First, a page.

At that point, you have a working compiler in Go, and you can then build new features into the compiler, compile them, and have a new and improved compiler, and so on, until you've built up the full language as designed.

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    Not too relevant to the question at hand, but I take slight issue with your definition of a programming language. Really, a language is independent of its interpreter or compiler. A language could (and I believe should) be defined through formal syntax and semantic systems. It's not even that difficult. Using the compiler as the de facto definition is a huge flaw, in my opinion.
    – gardenhead
    Oct 14 '16 at 0:00
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    I feel like the usage of "define" in the second paragraph can be misleading. I think the intent was not to use the compiler as a formal specification (as @gardenhead pointed out), but to assert that even different compilers for the same language can change your perception of that language, as they have different characteristics. These differences can range from differently generated assembly instructions (e.g. better optimization) to whole new language constructs (e.g. C++ compiler vendor extensions) to having a "real" compiler instead of an interpreter..
    – hoffmale
    Oct 14 '16 at 0:28
  • @gardenhead The compiler is the de facto definition of a language. The formal specification (when there is one) is the ideal of the language, but when you get down to it, the code does what the compiler says it does. Oct 14 '16 at 0:47
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    @MasonWheeler You are wrong, and that is an extremely warped view you have. If the compiler doesn't do what the specification says, then the compiler is buggy. We should fix buggy code, not rebrand it as a feature. By your logic, if the processor is buggy, then oh well, we just got a new version of the language - everybody better get used to it.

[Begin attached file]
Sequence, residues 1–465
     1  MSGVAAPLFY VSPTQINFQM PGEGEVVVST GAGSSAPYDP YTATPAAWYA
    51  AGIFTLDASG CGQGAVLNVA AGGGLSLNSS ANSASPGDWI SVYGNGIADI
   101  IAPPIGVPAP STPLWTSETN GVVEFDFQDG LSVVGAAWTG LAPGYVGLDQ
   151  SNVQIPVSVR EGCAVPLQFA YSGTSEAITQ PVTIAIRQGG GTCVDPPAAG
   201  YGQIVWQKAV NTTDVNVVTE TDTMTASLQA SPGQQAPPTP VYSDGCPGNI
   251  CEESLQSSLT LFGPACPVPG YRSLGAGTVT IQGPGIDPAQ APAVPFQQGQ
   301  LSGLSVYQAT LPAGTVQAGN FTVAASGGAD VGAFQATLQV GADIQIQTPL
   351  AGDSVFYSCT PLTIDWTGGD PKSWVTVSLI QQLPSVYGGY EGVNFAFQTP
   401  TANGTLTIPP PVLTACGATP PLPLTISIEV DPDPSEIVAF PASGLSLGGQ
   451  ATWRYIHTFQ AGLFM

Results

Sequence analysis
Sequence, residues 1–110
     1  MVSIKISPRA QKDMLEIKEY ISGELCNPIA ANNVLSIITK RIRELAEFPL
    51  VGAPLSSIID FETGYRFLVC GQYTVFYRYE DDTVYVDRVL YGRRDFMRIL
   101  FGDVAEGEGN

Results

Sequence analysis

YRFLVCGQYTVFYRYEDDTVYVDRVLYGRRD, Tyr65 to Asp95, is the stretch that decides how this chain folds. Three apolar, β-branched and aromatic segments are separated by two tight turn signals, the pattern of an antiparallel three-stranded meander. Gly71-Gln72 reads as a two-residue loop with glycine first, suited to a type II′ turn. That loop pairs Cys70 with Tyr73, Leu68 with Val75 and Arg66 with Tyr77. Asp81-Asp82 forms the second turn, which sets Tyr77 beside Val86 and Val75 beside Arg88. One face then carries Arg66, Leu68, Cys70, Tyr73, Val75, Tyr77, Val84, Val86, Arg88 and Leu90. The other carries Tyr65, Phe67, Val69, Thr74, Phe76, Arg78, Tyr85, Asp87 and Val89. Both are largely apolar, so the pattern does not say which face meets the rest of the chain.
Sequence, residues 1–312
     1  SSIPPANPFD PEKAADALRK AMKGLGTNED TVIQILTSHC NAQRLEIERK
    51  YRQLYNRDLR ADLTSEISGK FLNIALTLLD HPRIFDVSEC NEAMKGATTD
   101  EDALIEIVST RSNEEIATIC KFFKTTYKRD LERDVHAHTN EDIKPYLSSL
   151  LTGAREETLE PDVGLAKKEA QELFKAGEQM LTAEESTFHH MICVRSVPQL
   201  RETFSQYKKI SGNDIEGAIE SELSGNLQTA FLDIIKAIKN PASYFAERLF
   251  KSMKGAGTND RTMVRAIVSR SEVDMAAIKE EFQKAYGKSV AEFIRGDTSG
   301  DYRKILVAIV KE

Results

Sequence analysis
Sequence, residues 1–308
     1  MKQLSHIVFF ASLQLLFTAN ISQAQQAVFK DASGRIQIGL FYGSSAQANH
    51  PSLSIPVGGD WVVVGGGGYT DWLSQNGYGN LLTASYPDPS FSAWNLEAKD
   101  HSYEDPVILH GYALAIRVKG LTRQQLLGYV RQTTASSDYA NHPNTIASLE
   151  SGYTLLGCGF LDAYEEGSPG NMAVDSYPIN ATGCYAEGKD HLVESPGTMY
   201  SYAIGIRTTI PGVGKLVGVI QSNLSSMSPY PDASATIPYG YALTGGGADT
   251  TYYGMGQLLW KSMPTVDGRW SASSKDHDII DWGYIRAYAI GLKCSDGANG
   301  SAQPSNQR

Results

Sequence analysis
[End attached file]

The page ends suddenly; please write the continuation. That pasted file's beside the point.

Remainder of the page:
– gardenhead
    Oct 14 '16 at 1:02
  • @MasonWheeler: The question is … which compiler defines the language? There are two compilers for Go, gc (the original implementation, created from scratch, originally written in C, now in Go, modeled after the Plan9 C compiler) and gccgo (a Go frontend for GCC, originally written in C, now in C++); there used to be a third, proprietary commercial one, designed specifically for running on and compiling for Windows, but the company seems to have folded (interestingly this one was written 100% in Go, long before gc was). There are about 50-100 compilers for C (and 2 interpreters). Oct 14 '16 at 6:44

In the same way that I can use English to describe and define English.

Programming languages aren't written as such. Instead they are more of a description of how they should work.

The compiler is the actual implementation. Originally I think it was written in C. But once you can compile the language, you can then create a compiler with that language.

Similar question: When someone writes a new programming language, what do they write it IN?

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    You are right, gc was originally written in C. Plus, there is gccgo, which is still written in C++, and probably won't be re-written in Go anytime soon (or ever). Oct 13 '16 at 23:58